Philosophical Psychology 24 (1):73-94 (2011)

Authors
Bryce Huebner
Georgetown University
Abstract
Altruistic self-sacrifice is rare, supererogatory, and not to be expected of any rational agent; but, the possibility of giving up one's life for the common good has played an important role in moral theorizing. For example, Judith Jarvis Thomson (2008) has argued in a recent paper that intuitions about altruistic self-sacrifice suggest that something has gone wrong in philosophical debates over the trolley problem. We begin by showing that her arguments face a series of significant philosophical objections; however, our project is as much constructive as critical. Building on Thomson's philosophical argument, we report the results of a study that was designed to examine commonsense intuitions about altruistic self-sacrifice. We find that a surprisingly high proportion of people judge that they should give up their lives to save a small number of unknown strangers. We also find that the willingness to engage in such altruistic self-sacrifice is predicted by a person's religious commitments. Finally, we show that folk-moral judgments are sensitive to agent-relative reasons in a way that diverges in important ways from Thomson's proposed intuitions about the trolley problem. With this in mind, we close with a discussion of the relative merits of folk intuitions and philosophical intuitions in constructing a viable moral theory.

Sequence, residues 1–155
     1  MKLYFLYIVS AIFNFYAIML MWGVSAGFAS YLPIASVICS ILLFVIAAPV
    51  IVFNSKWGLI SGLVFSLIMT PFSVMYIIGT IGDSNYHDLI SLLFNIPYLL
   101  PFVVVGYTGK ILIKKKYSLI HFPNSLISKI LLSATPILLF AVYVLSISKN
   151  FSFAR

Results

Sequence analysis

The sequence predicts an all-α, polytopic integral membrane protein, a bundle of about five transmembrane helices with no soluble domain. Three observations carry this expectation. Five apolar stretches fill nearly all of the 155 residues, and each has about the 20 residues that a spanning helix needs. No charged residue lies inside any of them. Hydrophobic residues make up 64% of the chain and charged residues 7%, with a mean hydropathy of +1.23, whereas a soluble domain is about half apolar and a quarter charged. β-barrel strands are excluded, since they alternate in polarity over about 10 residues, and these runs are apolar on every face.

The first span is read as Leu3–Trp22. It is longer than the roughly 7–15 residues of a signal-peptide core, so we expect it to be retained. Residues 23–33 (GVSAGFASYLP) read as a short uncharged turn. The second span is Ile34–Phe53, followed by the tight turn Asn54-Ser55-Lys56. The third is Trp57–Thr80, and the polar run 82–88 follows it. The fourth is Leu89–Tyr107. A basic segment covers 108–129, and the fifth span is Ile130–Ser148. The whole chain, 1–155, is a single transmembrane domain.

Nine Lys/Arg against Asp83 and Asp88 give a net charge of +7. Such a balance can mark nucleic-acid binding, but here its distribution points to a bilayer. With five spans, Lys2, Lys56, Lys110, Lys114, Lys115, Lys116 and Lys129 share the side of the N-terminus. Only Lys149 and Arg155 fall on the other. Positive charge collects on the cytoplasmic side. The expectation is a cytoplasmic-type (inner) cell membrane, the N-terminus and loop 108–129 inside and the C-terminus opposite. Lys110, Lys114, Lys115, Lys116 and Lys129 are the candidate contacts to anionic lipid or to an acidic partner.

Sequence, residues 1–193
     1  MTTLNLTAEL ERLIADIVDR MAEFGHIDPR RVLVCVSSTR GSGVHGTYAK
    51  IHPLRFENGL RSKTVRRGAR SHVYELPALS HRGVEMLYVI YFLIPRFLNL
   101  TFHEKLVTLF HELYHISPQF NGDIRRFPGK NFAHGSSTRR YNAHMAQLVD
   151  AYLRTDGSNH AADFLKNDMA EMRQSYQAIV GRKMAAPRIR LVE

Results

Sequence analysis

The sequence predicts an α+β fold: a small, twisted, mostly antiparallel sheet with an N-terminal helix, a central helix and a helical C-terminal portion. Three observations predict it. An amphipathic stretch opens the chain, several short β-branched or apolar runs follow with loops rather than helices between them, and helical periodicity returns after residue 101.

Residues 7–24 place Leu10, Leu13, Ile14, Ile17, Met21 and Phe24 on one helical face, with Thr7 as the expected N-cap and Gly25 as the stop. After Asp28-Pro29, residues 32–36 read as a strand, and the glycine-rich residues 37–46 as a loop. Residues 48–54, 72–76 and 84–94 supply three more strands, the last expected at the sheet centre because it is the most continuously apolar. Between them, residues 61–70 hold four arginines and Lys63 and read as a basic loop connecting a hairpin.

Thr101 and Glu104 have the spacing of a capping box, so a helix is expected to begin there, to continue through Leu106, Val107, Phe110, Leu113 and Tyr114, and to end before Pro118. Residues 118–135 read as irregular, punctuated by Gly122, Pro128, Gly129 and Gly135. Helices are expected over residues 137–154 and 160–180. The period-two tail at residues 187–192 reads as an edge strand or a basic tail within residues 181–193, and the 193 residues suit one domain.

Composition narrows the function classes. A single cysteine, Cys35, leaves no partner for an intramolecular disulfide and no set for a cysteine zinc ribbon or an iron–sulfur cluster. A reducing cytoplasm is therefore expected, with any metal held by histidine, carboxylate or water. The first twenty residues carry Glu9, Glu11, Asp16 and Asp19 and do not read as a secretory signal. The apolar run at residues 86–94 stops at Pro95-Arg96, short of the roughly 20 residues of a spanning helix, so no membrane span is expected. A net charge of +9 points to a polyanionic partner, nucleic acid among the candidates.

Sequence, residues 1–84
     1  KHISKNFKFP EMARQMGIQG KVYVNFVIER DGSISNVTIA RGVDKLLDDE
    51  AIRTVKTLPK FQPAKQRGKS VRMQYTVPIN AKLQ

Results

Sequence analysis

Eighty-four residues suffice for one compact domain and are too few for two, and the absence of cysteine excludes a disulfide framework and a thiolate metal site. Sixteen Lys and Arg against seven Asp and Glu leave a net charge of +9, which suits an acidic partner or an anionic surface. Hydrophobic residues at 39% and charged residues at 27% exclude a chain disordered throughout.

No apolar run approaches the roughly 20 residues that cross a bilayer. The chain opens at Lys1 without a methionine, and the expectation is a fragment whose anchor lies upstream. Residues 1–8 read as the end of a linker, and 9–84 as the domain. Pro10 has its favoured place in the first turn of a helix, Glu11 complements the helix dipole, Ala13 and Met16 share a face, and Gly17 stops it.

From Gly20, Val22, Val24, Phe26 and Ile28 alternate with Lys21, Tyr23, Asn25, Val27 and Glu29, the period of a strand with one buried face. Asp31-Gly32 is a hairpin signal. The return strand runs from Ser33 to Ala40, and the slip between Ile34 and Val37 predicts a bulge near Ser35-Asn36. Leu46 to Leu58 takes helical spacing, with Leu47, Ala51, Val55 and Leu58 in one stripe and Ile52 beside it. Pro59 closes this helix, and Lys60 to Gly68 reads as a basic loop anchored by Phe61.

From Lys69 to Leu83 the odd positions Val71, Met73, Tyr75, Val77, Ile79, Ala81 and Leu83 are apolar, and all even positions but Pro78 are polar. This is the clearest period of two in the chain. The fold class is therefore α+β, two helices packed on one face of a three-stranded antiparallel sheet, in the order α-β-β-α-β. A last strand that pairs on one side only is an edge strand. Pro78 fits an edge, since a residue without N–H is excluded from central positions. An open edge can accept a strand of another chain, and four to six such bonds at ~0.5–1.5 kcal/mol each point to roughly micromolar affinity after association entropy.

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DOI 10.1080/09515089.2010.534447
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References found in this work BETA

Reasons and Persons.Derek Parfit - 1984 - Oxford University Press.
The View From Nowhere.Thomas Nagel - 1986 - Oxford University Press.
Reasons and Persons.Joseph Margolis - 1986 - Philosophy and Phenomenological Research 47 (2):311-327.

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Citations of this work BETA

Mindlessness.Ezio Di Nucci - 2013 - Cambridge Scholars Press.
Self-Sacrifice and the Trolley Problem.Ezio Di Nucci - 2013 - Philosophical Psychology 26 (5):662-672.
Empathy and the Limits of Thought Experiments.Erick Ramirez - 2017 - Metaphilosophy 48 (4):504-526.
Trolleys and Double Effect in Experimental Ethics.Ezio Di Nucci - forthcoming - In Christoph Luetge, Hannes Rusch & Matthias Uhl (eds.), Experimental Ethics. Palgrave-Macmillan.

View all 10 citations / Add more citations

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